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Cutbacks At The Marcus Foster P.O. Branch Confirmed

April 8, 2015

Last week, I wrote that “apparently,” the counter staff at the Marcus Foster Post Office branch in the heart of Deep East Oakland (92nd Avenue and International) had been reduced to one person, forcing the closure of the branch for more than an hour every the afternoon while that single employee took her lunch.

This week I confirmed that there is, indeed, only one employee at the branch now, down from the three that used to staff the location not that long ago. I don’t have access to the usage numbers at Marcus Foster, but the population surrounding has certainly not declined, and regular observation shows that the numbers of people going in and out of the branch every day does not appear to be significantly lower than it was when three staff members were needed to keep up with the work. Meanwhile, the word out of local postal service management is that they are planning to bring in another clerk. We will see if this actually comes to pass, or if this is just merely a bureaucratic promise to keep hopes up while the postal service is actually planning a permanent cutback of staff and services at Marcus Foster.

The official service cutback, in fact, has already occurred.

Seven months ago, the postal service eliminated both package and certified and registered mail pickup at the Marcus Foster Branch for everyone who does not have a post office box at the branch. If you have a post office box at Marcus Foster, you can still pick up those items at the branch counter. To pick up mail that cannot be delivered to their homes for one reason or another, local residents in the area surrounding Marcus Foster can no longer go to their local post office branch, but must now go out to the regional post office branch down near the airport. While that may or may not be a great inconvenience in terms of distance—depending upon how the resident gets around—it certainly appears to be a gradual ending of the type of local post office branch service that we grew up on.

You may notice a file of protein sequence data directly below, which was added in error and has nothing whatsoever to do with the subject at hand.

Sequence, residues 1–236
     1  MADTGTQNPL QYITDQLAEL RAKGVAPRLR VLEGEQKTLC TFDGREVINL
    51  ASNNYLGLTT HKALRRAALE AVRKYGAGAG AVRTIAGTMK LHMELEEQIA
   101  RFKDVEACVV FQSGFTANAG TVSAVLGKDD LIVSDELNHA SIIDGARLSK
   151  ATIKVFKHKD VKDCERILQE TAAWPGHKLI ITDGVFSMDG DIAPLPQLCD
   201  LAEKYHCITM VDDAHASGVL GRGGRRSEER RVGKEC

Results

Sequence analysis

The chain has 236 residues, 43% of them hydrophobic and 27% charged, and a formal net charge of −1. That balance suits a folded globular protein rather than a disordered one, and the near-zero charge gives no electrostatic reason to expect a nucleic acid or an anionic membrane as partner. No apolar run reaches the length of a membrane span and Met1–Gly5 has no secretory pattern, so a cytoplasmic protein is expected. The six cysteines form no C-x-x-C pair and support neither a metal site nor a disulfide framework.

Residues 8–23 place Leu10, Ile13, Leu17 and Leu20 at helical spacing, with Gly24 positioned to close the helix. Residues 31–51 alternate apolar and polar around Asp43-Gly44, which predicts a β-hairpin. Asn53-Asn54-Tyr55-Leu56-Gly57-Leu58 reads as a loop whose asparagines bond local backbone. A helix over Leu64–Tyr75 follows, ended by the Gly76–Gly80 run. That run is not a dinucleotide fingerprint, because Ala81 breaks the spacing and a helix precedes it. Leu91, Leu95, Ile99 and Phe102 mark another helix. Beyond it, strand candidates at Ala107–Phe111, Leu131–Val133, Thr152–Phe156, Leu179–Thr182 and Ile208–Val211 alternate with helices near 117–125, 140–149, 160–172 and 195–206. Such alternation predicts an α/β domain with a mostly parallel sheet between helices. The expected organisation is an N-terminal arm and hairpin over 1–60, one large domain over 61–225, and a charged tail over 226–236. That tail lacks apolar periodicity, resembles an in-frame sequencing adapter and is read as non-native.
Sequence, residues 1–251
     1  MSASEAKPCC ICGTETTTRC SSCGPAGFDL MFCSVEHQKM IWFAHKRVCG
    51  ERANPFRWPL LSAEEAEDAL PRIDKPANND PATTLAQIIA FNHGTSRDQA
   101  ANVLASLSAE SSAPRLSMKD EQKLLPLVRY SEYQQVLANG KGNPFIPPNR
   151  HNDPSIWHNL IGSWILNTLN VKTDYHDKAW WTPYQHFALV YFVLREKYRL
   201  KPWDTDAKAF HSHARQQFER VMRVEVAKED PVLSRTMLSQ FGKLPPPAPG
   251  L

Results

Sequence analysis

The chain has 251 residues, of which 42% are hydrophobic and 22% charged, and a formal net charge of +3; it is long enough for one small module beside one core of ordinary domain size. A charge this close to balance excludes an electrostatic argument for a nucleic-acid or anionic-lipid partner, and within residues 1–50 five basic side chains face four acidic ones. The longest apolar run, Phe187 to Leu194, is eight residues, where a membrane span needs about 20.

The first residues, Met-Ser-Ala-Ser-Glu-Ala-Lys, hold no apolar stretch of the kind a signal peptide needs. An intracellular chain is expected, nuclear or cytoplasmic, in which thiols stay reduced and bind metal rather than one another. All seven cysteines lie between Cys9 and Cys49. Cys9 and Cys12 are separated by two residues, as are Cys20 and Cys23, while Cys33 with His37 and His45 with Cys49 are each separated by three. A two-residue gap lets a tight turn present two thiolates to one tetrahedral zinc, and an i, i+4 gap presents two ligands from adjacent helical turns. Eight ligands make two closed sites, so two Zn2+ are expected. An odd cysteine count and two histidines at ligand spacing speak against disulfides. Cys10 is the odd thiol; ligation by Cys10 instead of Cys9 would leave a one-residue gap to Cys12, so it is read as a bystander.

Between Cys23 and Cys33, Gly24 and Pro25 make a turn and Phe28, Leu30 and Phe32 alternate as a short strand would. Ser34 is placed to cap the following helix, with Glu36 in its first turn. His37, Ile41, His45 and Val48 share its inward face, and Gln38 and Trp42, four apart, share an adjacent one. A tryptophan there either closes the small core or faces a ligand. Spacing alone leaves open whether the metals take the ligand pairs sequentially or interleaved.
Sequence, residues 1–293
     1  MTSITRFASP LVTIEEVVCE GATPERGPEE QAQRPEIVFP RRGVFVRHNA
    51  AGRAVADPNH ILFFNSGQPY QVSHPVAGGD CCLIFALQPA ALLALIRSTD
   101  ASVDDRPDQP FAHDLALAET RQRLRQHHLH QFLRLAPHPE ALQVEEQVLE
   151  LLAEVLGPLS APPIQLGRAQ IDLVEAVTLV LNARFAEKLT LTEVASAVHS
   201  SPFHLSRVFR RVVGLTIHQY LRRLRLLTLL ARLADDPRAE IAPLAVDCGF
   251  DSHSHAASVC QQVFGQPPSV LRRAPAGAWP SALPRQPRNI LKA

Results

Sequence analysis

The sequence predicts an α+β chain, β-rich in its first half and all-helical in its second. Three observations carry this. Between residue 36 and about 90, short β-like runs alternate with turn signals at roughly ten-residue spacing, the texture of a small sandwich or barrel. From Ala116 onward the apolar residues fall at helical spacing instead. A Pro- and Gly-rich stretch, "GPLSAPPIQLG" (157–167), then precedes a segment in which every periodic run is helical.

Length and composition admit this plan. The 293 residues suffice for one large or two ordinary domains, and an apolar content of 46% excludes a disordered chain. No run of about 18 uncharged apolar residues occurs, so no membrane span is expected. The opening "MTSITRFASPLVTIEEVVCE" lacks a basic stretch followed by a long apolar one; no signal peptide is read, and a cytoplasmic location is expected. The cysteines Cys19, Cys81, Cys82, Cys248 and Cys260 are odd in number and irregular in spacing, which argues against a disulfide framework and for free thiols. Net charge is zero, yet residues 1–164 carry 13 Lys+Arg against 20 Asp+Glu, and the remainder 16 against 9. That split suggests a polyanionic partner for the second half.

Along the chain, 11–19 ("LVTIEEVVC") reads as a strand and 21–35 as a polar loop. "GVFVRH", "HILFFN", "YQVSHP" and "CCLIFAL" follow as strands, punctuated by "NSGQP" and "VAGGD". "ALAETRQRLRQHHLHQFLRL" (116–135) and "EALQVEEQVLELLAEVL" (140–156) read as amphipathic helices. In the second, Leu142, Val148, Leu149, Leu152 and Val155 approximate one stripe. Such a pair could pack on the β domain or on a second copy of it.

It may also be the reason why postal management can get by with only one counter clerk at Marcus Foster, as the clerk does not have to spend so much time in the back and away from the counter looking up packages or other  pickup mail for customers. It may be an indication that the post office is trying out a one-clerk system for a bit at Marcus Foster to see if it might be feasible to turn it into a permanent situation.

Why is this issue important?

The Marcus Foster Branch sits in the middle of one of Oakland’s “Forgotten Lands,” those depressed neighborhoods where city officials, the media, and the rest of the city’s resident tend to look when bad things happen.

This, one might remember, is the branch where Oakland city officials allowed a dead dog to remain on the sidewalk for several days last year after being informed of its presence by post office staff members. That’s about as good an example of neglect as I can come up with. That’s about as good an example of official neglect of a community as I can come up with. There are many others, in case you're not convinced.

Anyways, one way to begin to turn around these “Forgotten Lands”—turn them around for the folks currently living in them, not simply to make them attractive to more affluent people to move in and replace the current residents—is to rebuild the infrastructure and fabric of those neighborhoods. That means repairing existing neighborhood services and bringing in ones that have disappeared. It doesn’t help the process of reconstruction and rehabilitaiton if, in the meantime, government entities are stripping away the few amenities and services that remain.

Contrary to popular belief, the neighborhoods surrounding Marcus Foster are not merely a zipcode (94621) or a police beat (33X). It’s the Elmhurst District, a name that goes back long before the city of Oakland moved south of Lake Merritt and annexed the various small towns that lay along the road towards San Leandro. Elmhurst is a neighborhood made of many good people attempting to raise their families and build a community that’s better than the various government, business, and criminal elements has abandoned them to. Retaining and rebuilding the services at the Marcus Foster Post Office Branch is one small step towards reaching that goal.

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